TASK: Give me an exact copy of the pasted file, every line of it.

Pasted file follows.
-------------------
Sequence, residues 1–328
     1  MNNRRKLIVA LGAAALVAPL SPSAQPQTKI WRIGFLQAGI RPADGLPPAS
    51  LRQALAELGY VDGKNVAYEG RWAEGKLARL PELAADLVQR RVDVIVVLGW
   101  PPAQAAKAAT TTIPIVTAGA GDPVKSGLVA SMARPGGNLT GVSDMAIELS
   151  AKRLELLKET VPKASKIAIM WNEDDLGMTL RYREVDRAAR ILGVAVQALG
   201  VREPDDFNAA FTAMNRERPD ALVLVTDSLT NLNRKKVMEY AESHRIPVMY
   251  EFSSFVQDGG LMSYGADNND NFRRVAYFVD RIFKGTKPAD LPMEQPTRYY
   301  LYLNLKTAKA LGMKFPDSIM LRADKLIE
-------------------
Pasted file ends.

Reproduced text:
Sequence, residues 1–328
     1  MNNRRKLIVA LGAAALVAPL SPSAQPQTKI WRIGFLQAGI RPADGLPPAS
    51  LRQALAELGY VDGKNVAYEG RWAEGKLARL PELAADLVQR RVDVIVVLGW
   101  PPAQAAKAAT TTIPIVTAGA GDPVKSGLVA SMARPGGNLT GVSDMAIELS
   151  AKRLELLKET VPKASKIAIM WNEDDLGMTL RYREVDRAAR ILGVAVQALG
   201  VREPDDFNAA FTAMNRERPD ALVLVTDSLT NLNRKKVMEY AESHRIPVMY
   251  EFSSFVQDGG LMSYGADNND NFRRVAYFVD RIFKGTKPAD LPMEQPTRYY
   301  LYLNLKTAKA LGMKFPDSIM LRADKLIE